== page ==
International Leprosy Association -
History of Leprosy

International Leprosy Association -
History of Leprosy

Romica takes the service on a recent Sunday in May.

Praise the Lord

Originally published in the WHO Goodwill Ambassador’s Newsletter for the Elimination of Leprosy, Issue No. 68 (June 2014). The information was correct and current at the time of publication.


A Romanian pastor has a special bond with his congregation.
ph068_10Romica Nedelcu is ministering to his small flock at the Baptist church at Tichilesti, Romania’s only leprosy sanatorium, as he does every Sunday. Casually dressed – as casually as most of his congregation – he sits at a desk decorated with a flower plucked from in front of the 75-year-old church that morning.

If Romica looks very much at home among the residents of the sanatorium, it is because he used to be one himself. These are old friends and neighbors who have a shared experience of leprosy. “We are like family,” he says.

Born in 1944, Romica entered Tichilesti in 1956 at the age of 12. His mother, who preceded him there by four years, burst into tears at finding him marked by the same disease. Romica, for his part, was glad to be reunited with her.

Coming to Tichilesti signaled the end of his formal education. He passed the time playing chess and backgammon, going fishing and watching TV. Occasionally, with the doctors’ permission, he was allowed out to visit his father.

Romica takes the service on a recent Sunday in May.

Romica takes the service on a recent Sunday in May.

As he grew into manhood, he lived from day to day, not knowing how long he would remain at Tichilesti or when his treatment would end. He began drinking, smoking and playing around. “I had several girlfriends,” he admits.

At 27, Romica came to the realization he was heading down the wrong path. It happened at 9.30 on May 9, 1971. He had come back from the city of Constanta, where he had been treated in hospital for a stomach complaint, and began to read the Bible. “I had been forced to read the Bible before,” he said, “but for the first time the Word entered my life. I knew I had to change my ways.”

Romica believes God gave him leprosy and that through leprosy he found God.


He began assisting the elderly minister at the Baptist church. Eventually, he was taking the service himself. “God put in me the ability to preach the Gospel,” Romica says.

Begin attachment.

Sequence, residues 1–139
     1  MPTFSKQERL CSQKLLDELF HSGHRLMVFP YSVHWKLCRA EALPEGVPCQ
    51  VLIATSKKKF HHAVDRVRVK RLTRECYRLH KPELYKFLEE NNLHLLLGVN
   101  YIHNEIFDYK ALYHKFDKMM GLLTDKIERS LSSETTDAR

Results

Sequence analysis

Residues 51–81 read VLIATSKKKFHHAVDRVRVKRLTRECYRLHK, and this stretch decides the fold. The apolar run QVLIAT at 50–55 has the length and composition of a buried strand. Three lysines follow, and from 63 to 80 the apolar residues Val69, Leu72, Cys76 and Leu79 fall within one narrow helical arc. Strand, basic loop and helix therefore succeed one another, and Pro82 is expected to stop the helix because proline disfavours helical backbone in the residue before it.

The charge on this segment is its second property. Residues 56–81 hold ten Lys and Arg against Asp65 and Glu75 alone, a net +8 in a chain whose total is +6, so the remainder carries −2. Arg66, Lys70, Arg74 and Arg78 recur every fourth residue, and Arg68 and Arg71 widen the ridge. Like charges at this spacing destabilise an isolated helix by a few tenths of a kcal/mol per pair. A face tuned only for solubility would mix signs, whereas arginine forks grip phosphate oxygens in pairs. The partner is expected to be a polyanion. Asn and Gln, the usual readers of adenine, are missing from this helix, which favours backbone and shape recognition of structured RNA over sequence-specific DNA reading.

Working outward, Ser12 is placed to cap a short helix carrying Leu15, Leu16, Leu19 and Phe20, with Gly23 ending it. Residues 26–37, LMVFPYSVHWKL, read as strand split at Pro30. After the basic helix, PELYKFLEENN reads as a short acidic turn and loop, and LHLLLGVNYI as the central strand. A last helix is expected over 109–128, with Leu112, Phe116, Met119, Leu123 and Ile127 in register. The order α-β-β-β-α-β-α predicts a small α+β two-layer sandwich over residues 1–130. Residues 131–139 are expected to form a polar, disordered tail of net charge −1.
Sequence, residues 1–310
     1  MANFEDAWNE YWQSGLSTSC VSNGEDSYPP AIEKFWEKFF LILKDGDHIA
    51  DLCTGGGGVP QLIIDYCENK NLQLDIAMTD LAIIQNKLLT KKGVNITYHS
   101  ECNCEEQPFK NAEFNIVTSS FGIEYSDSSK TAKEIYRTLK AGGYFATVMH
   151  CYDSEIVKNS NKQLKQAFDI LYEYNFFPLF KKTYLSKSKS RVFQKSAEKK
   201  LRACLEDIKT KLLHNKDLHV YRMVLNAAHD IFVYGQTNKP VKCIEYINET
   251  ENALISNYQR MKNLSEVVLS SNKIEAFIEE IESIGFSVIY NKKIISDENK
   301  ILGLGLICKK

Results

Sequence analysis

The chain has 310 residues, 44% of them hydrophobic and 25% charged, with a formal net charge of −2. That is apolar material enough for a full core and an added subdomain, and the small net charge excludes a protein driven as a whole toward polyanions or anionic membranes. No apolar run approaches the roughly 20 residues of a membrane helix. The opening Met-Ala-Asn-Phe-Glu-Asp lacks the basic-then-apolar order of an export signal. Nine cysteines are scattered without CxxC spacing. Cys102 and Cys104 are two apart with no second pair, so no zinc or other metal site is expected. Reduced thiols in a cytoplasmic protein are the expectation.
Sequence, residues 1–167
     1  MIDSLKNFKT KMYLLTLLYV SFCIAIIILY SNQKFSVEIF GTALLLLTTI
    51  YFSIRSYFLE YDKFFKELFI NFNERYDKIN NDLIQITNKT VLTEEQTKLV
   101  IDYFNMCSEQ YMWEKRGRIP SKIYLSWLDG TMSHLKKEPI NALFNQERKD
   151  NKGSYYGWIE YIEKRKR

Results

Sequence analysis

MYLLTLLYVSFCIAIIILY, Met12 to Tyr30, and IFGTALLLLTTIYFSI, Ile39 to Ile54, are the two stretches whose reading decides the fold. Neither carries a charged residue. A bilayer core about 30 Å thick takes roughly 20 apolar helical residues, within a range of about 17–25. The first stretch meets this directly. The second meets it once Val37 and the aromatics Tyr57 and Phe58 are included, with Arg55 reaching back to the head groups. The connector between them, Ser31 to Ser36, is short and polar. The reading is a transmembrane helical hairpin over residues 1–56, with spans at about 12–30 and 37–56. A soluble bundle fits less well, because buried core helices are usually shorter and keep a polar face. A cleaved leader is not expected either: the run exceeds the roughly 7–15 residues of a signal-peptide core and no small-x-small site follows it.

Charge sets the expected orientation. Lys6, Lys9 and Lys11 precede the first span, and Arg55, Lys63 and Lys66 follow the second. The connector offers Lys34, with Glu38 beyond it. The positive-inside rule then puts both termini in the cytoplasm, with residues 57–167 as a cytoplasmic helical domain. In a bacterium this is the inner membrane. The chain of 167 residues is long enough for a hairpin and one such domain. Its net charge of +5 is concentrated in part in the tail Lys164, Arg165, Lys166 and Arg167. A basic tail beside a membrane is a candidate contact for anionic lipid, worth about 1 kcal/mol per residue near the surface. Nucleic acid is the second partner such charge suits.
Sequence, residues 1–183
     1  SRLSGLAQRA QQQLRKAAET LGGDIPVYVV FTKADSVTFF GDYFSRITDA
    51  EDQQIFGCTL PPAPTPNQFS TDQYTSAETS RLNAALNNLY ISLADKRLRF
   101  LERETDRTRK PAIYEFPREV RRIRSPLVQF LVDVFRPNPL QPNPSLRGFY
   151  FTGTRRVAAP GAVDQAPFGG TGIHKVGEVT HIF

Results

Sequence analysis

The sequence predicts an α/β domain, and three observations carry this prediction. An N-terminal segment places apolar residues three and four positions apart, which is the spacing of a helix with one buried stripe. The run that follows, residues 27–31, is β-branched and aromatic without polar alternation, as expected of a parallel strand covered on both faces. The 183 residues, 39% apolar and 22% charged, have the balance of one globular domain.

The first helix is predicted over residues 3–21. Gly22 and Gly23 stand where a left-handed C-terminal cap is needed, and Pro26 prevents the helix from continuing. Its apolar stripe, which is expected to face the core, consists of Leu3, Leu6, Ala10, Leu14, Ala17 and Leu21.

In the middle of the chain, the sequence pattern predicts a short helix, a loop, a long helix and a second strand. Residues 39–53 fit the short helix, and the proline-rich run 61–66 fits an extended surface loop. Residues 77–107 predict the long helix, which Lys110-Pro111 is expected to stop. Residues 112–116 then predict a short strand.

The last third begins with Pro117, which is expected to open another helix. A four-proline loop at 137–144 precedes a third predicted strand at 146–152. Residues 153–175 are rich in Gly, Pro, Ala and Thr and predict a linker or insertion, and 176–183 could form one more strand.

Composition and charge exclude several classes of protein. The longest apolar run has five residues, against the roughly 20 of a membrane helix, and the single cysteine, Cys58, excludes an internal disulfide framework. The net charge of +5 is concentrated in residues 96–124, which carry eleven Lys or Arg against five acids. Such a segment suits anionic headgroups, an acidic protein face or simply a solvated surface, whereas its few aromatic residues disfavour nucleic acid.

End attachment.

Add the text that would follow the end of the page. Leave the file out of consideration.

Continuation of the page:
He also settled down. He met his future wife through an introduction and after a three-year courtship they married and set up home in the nearby town of Braila, when he was 34. They have two sons and a daughter.

Religion was strictly controlled during the Communist era, but the church at Tichilesti continued to function. “I can’t speak for the Communists, but I expect they felt that a church operating in such a secluded location wouldn’t have much influence.”

Even so, the secret police occasionally came calling—once because letters containing Bible passages that Romica had sent anonymously to senior Communist Party officials were traced back to him.

Romica believes God gave him leprosy, and that it was through leprosy that he found God. “If I had not got leprosy, I probably would have stayed in the city without God in my life.”

Concerning the Bible’s portrayal of leprosy as a disease of the unclean, he says he is careful not to use leprosy as a symbol of sin, “because that doesn’t have relevance to the people here.” He goes on: “Jesus didn’t discriminate against people with leprosy. He was there for everyone. I am the same.”

He says he is not ashamed of leprosy nor tried to conceal his history of the disease. It has given him an affinity to feel the pain of others, something he believes that everyone in Tichlesti has.

“I am fulfilling my purpose in life,” he says. “It’s a miracle.”